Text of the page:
Ilyasova would dwarf Walter’s teenage son if the two stood side by side. But comparing only headshots, the two are hardly distinguishable. After spending the majority of his first stint with the Bucks in the D-League, Ersan returned from Spain as an über-efficient forward. Walt, Jr.’s trajectory has seen him rise from a minor character at the series’ inception to one worthy of more screen time.
Larry Sanders is Gale Boetticher
Sanders has potential and showed spurts of defensive magnificence last season, and is still Milwaukee’s youngest center. Gale was, for a time, Walt’s slightly younger successor-in-waiting. All they need is time and a little more ferocity to make the impact their employers expected upon investment.
Joel Przybilla is Mike Ehrmantraut
Long, confusing last names aside, both keep their hair cropped close to the scalp or, in Mike’s case, gone all together. Think that’s weak deduction? Well, it definitely is, but in his eleventh NBA season, Przybilla was traded into a less-than-desirable situation (What’s up, Bobcats?) and had understandable reluctance upon arriving. Though he eventually came to terms with his surroundings, Joel decided to leave after playing a mere five games for Charlotte and aggravating an old knee injury. To say that Mike has his share of scars and war stories is an understatement, and when it comes down to it, entering into all partnerships with Walter White are scary, but having the palm of Michael Jordan, General Manager on your career’s pulse is downright horrifying.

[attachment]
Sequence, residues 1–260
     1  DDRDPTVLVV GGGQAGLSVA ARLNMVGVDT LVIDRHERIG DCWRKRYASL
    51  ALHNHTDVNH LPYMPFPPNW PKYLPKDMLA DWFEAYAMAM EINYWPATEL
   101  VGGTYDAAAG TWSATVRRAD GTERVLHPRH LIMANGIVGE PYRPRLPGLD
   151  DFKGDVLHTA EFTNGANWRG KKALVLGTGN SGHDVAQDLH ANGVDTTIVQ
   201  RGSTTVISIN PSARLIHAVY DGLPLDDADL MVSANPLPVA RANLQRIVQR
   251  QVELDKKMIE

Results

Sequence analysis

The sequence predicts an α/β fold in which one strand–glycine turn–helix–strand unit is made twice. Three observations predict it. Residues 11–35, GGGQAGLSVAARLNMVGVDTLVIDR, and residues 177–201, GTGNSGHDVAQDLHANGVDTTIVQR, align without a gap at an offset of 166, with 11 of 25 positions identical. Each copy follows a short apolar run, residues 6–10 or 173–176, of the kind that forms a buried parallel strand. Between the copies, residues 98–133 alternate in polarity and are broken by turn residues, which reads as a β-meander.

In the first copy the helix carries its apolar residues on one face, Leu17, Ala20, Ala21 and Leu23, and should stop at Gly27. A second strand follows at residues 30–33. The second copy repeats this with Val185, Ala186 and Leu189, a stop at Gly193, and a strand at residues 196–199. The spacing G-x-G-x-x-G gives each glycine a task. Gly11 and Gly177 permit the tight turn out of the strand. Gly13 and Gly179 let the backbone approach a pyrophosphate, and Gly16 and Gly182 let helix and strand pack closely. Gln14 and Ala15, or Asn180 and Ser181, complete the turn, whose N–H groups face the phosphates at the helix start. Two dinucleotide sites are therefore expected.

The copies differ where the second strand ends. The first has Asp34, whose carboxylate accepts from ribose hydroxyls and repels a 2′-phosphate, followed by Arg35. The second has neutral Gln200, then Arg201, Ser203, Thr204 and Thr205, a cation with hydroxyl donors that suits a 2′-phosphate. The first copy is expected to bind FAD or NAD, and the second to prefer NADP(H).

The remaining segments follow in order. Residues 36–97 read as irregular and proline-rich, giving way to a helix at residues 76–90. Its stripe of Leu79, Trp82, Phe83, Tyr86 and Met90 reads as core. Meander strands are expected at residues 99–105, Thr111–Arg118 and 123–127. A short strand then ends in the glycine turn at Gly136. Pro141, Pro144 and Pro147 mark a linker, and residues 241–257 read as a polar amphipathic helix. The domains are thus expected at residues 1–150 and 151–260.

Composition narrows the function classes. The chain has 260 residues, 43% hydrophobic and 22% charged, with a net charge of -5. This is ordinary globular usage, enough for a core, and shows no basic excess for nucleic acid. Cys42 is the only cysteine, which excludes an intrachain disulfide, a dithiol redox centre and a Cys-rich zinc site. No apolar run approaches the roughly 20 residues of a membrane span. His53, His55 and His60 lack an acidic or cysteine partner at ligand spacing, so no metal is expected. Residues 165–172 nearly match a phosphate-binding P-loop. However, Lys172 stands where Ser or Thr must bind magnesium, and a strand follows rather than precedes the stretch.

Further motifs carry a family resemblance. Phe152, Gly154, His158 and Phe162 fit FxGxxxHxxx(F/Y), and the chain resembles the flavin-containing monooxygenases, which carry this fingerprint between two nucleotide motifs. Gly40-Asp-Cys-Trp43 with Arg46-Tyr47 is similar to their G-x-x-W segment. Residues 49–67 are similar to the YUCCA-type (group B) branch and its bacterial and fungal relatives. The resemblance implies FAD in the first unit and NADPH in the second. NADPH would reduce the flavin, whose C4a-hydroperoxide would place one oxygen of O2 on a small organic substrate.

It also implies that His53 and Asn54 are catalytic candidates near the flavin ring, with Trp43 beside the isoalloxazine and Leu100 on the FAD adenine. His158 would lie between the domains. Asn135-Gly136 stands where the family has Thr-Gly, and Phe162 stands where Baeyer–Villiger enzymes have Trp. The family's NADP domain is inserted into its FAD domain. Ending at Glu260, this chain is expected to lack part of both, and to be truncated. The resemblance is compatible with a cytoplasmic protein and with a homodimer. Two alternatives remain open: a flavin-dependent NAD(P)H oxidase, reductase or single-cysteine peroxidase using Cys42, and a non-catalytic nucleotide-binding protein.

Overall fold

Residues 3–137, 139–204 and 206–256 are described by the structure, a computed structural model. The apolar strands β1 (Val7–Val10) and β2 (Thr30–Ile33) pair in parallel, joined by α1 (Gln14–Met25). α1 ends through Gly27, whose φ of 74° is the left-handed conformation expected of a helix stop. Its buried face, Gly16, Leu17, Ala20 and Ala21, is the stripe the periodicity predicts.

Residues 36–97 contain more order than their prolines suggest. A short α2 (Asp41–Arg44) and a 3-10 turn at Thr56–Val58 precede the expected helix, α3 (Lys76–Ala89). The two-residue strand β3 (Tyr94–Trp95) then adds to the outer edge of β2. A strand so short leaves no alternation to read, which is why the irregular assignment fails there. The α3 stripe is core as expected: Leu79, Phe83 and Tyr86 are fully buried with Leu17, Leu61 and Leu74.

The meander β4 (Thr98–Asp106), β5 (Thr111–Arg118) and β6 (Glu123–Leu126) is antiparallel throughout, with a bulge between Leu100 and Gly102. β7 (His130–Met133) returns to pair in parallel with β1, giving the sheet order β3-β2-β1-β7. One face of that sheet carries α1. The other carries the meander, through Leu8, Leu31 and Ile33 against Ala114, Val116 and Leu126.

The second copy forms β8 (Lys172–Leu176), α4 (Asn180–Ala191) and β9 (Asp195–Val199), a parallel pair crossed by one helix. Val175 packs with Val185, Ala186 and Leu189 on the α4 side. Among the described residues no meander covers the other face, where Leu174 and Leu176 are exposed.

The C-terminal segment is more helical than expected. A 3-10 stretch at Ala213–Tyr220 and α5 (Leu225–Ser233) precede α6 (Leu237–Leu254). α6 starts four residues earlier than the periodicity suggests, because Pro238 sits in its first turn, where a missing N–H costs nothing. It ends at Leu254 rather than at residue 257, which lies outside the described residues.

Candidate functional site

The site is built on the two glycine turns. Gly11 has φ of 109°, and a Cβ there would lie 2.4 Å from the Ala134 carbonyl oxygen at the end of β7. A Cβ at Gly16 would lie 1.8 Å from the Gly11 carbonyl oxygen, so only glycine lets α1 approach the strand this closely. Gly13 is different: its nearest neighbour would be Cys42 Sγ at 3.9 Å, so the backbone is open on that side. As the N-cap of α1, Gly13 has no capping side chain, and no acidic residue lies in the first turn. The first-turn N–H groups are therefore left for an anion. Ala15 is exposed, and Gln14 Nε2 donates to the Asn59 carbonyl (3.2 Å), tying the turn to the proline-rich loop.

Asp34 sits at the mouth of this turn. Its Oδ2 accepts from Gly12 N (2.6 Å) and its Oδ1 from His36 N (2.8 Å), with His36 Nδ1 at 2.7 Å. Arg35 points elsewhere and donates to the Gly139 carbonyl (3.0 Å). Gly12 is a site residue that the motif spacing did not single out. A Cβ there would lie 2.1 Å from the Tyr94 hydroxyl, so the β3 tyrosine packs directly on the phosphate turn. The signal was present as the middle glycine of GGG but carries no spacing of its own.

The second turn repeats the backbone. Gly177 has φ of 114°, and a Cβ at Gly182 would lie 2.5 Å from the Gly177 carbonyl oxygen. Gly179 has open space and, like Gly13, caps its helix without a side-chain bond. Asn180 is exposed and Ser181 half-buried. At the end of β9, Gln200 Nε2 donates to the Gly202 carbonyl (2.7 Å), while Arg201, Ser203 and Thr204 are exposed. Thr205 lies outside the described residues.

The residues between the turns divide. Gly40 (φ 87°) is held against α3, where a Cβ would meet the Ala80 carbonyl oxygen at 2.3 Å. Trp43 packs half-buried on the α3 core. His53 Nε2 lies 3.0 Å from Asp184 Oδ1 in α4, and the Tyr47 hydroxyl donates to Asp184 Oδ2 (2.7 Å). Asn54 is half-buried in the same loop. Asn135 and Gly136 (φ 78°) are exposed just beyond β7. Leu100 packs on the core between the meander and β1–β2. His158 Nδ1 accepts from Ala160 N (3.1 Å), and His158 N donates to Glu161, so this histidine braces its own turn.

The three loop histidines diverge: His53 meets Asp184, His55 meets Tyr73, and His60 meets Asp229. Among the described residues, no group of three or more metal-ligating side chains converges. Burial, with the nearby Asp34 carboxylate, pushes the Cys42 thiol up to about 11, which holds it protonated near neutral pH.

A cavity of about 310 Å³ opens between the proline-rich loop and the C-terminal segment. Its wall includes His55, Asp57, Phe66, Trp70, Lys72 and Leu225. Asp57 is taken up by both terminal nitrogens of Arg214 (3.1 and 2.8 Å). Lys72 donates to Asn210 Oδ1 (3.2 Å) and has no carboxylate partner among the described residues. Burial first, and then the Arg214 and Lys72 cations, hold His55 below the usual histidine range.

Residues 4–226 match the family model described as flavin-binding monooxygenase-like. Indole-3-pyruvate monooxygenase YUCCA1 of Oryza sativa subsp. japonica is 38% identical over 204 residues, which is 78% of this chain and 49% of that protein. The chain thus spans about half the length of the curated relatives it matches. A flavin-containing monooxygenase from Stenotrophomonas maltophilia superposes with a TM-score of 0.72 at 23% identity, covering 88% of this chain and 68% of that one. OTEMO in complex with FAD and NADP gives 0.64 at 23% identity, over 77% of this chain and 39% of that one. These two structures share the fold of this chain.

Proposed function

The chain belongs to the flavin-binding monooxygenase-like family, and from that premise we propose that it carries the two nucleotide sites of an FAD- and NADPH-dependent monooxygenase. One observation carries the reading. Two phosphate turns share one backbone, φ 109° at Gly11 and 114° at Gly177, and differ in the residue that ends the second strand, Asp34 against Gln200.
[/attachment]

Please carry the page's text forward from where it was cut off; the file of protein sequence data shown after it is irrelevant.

Monta Ellis is Jesse Pinkman
Already possessing some degree of comfort in Milwaukee after spending nearly half of last season with the Bucks, Ellis is a volatile guard capable of high-energy offensive outbursts. Anyone familiar with Breaking Bad knows Pinkman is a fan of profanity-laced tirades that tend to erupt when he’s pushed a little too far. Jesse’s relationship with Walt dates back to his high school days as an inattentive student who dabbled in petty activities, but their lives truly intertwined when Walter needed an infusion of cash after Pinkman’s years of secondary education. Monta, of course, bypassed college and leapt to the pro circuit directly after high school. Maybe the strongest link, however, is that they share a soft spot for underprivileged children and improve select kids’ lives as much as possible.